|A map of the old Los Angeles County|
According to KCET,
A trip to the county seat in Los Angeles required two days...travel over hot and dusty roads in the summer time -- through mud and mire in the winter time. Bridges there were none, and often during the rainy season, the rivers swollen to raging torrents cut off all communication with the metropolis for weeks at a time. A lumbering old stage coach three times a week carried the mail, and at the compensation of ten cents a mile banged and battered the unfortunate passenger onward to his destination at the reckless speed of five miles an hour.
|The plaza in the City of Orange in 1889, the year Orange County split from Los Angeles County. Courtesy of the Orange Public Library.|
On the day Orange County separated, there were about 15,000 residents, three incorporated cities, and no paved roads. Their growth was slow but steady, reaching only 34,000 residents by 1910. But in the following decade, population nearly doubled. In the roaring '20s, it doubled again, to 120,000.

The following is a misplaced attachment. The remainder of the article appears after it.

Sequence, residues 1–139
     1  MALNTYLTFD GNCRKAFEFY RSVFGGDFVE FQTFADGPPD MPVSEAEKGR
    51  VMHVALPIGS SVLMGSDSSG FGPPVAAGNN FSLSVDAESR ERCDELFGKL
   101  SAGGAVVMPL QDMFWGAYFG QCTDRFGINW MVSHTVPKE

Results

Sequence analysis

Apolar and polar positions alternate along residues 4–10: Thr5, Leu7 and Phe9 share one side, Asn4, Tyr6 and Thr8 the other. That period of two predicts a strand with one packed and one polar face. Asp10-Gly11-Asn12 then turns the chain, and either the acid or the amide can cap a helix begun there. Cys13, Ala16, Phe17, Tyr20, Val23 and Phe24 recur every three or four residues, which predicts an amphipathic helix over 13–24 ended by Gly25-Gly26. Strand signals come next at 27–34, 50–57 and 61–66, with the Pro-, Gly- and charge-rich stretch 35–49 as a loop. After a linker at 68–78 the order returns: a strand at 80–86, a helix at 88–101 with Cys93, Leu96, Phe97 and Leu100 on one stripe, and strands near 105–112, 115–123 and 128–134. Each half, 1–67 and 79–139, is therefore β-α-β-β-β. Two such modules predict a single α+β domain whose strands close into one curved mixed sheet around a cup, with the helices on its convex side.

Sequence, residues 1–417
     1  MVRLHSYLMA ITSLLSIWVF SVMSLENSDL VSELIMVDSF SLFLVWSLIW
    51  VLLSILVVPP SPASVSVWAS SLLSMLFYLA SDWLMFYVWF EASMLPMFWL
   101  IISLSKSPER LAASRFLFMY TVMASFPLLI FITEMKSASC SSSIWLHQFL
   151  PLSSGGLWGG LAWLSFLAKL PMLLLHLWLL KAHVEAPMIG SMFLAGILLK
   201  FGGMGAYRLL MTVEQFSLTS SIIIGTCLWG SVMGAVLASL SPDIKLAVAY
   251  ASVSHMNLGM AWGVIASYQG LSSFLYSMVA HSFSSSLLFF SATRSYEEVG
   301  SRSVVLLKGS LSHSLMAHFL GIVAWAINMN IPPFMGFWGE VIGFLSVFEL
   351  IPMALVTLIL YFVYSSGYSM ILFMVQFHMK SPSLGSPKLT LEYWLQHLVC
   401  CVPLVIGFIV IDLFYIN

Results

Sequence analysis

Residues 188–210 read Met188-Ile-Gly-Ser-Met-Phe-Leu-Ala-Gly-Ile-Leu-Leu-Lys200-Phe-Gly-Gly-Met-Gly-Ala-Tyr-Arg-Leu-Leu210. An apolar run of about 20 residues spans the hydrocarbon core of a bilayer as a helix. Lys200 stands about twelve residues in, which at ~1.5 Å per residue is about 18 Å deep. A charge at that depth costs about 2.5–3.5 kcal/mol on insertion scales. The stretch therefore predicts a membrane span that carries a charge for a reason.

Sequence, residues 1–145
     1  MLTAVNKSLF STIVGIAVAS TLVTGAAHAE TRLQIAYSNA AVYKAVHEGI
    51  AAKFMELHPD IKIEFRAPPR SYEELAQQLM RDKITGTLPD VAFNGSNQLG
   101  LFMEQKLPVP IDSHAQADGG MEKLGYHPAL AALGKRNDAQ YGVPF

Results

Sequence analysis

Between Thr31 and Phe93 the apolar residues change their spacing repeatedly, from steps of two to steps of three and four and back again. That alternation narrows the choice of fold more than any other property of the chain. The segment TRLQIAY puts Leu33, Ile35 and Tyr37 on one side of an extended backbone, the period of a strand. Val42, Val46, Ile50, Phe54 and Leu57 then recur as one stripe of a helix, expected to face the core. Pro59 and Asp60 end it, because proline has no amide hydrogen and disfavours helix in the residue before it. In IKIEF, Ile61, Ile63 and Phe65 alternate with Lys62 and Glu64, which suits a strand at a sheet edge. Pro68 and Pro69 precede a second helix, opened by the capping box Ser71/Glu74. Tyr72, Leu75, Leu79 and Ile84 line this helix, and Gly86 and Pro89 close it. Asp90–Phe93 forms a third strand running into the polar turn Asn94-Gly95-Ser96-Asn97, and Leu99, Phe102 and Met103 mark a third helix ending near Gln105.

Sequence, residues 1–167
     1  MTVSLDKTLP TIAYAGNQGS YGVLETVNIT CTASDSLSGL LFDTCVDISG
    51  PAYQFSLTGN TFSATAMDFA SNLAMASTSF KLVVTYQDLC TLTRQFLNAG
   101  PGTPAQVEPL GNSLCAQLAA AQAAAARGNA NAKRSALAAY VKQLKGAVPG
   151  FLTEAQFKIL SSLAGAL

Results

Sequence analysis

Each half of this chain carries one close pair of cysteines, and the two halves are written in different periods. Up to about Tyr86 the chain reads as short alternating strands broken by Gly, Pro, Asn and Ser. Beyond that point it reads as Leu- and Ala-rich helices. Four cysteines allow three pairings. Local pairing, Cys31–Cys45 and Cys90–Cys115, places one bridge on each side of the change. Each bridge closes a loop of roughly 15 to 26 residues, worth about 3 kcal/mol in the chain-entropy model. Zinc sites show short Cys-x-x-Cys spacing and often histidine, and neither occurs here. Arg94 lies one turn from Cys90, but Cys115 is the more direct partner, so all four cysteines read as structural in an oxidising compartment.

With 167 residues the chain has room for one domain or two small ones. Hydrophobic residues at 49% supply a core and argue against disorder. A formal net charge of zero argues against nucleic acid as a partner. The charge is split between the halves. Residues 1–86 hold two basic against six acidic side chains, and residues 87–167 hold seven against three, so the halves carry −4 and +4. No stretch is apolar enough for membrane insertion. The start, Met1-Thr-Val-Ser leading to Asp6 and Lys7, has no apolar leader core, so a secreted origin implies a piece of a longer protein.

Prior to WWII, Orange County was centered on agriculture.any crops would do well and bring prosperity, taking advantage of our ideal climate and soil, until a disease would wipe them out and force them to find something new, beginning the cycle again. Along the way, Orange County residents had enormous success with grapes, apricots, walnuts, and oranges.